Paul Pressler’s former law partner, who has been accused of knowing about the Baptist powerbroker’s alleged abuse of young men and not reporting it, is running for the Texas House of Representatives and aspires to become speaker of the House, according to the Texas Tribune.
Reporting by Robert Downen, former writer for the Houston Chronicle and now a reporter for the independent online news service Texas Tribune, makes the link between Jared Woodfill, a well-known anti-LGBTQ adversary and Pressler, co-architect of the “conservative resurgence” that reshaped the Southern Baptist Convention in the late 20th century.
While at the Chronicle, Downen also authored the “Abuse of Faith” series that exposed hundreds of cases of clergy sexual abuse in SBC churches.
In his Nov. 17 post for the Tribune, he wrote: “Woodfill has for years been at the helm of conservative Christian and anti-LGBTQ movements in Houston and Texas. In 2015, he and well-known Houston GOP powerbroker and anti-gay activist Dr. Steven Hotze played key roles in the defeat of an ordinance that would have extended equal rights protections to LGBTQ Houstonians, during which they compared gay people to Nazis and helped popularize ‘groomer rhetoric.”
He also reported of Woodfill: “He has for years been at the center of an ongoing lawsuit in which a man accuses Woodfill’s former law partner and Southern Baptist leader Paul Pressler of decades of sexual abuse. In March, The Texas Tribune reported that Woodfill testified under oath that he was alerted in 2004 about child sexual abuse allegations against Pressler, who Woodfill was representing at the time in an assault lawsuit that was settled for $450,000. Despite that, Woodfill continued to work with Pressler, providing him with a string of young, male personal assistants who worked out of Pressler’s home.”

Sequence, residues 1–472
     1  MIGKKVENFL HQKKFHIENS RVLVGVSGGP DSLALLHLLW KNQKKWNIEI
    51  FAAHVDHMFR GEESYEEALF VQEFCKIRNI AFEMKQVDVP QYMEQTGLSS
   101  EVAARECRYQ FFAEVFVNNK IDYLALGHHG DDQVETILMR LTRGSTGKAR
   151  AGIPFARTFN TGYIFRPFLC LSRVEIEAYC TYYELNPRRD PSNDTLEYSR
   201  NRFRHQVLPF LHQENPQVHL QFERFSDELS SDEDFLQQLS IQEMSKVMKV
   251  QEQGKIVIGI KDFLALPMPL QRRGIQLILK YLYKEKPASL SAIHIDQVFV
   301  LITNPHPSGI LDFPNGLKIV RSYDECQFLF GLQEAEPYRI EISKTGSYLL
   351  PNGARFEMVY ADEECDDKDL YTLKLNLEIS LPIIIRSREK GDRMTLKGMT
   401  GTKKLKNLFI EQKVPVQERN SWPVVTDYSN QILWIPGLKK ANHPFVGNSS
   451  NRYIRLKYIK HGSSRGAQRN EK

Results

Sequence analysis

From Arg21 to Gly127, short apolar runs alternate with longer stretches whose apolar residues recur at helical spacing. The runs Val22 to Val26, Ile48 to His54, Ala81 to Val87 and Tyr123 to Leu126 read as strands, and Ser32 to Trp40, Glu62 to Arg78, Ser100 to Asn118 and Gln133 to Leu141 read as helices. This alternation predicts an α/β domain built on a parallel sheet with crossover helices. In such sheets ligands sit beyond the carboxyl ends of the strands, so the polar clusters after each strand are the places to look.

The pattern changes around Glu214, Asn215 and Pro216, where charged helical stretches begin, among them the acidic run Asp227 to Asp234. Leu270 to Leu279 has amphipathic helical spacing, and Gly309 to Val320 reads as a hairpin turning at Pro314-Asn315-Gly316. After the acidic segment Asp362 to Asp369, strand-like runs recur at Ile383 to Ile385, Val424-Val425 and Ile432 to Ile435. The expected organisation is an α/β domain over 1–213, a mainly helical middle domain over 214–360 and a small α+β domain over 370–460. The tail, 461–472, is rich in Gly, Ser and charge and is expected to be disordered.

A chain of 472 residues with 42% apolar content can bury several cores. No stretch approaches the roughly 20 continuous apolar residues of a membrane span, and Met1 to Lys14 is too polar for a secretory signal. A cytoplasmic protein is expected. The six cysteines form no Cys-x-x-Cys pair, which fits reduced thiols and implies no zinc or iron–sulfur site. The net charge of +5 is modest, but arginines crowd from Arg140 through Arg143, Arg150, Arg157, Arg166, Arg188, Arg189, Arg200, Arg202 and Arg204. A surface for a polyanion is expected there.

That lawsuit was slated for trial in November but has been delayed without explanation. The Harris County District Court website says the case has been referred for mediation, but Downen reported the trial is now scheduled for early next year.
Woodfill seeks to take down incumbent Republican Rep. Lacey Hull, who has been ranked as one of the most conservative members of the Texas House in his first term. Among Woodfill’s beef with Hull and current Speaker of the House Dade Phelan is their role in attempting to remove Texas Attorney General Ken Paxton from office. The Republican-dominated Texas House voted to impeach Paxton, but the Senate did not muster enough votes to remove him.
Woodfill vows he will “bring decency back to HD 138 and return our conservative grassroots values back to the Texas House of Representatives.”
Yet the aspiring representative has his own history of legal problems, beyond his affiliation with Pressler.
Downen notes Woodfill is representing Hotze “in a criminal investigation stemming from a 2020 incident in which a private investigator, allegedly acting at Hotze’s behest, held at gunpoint an air-conditioning repairman who he believed was transporting fake ballots.
And in 2018, Woodfill was investigated for money laundering by the Harris County District Attorney’s Office after being accused of misappropriating funds from two clients of his law firm, but no charges were filed.
Also in 2018, Woodfill told a Religion News Service reporter the Pressler lawsuit is “a frivolous lawsuit filed by an ex-con in an attempt to extort money from the Pressler family, Paige Patterson, Southwestern Baptist Theological Seminary, First Baptist Church of Houston and me.”
Plaintiff Duane Rollins claims after he enrolled in Pressler’s Bible study at First Baptist Church, Pressler lured the devout and impressionable 14-year-old to Pressler’s home and a private club for fondling and anal sex. He convinced Rollins to keep “our secret,” a court brief says, by telling the boy he was “special” and “no one but God would understand” their relationship.
The pattern continued throughout his high school years, Rollins alleges, sometimes as often as two or three times a month. Rollins says he turned to drugs and alcohol to cope with the mental stress, typically triggered by contact with Pressler.
Downen previously reported there have been “repeated accusations of sexual misconduct and assault dating back to at least 1978, when (Pressler) was forced out of a Houston church for allegedly molesting a teenager in a sauna.”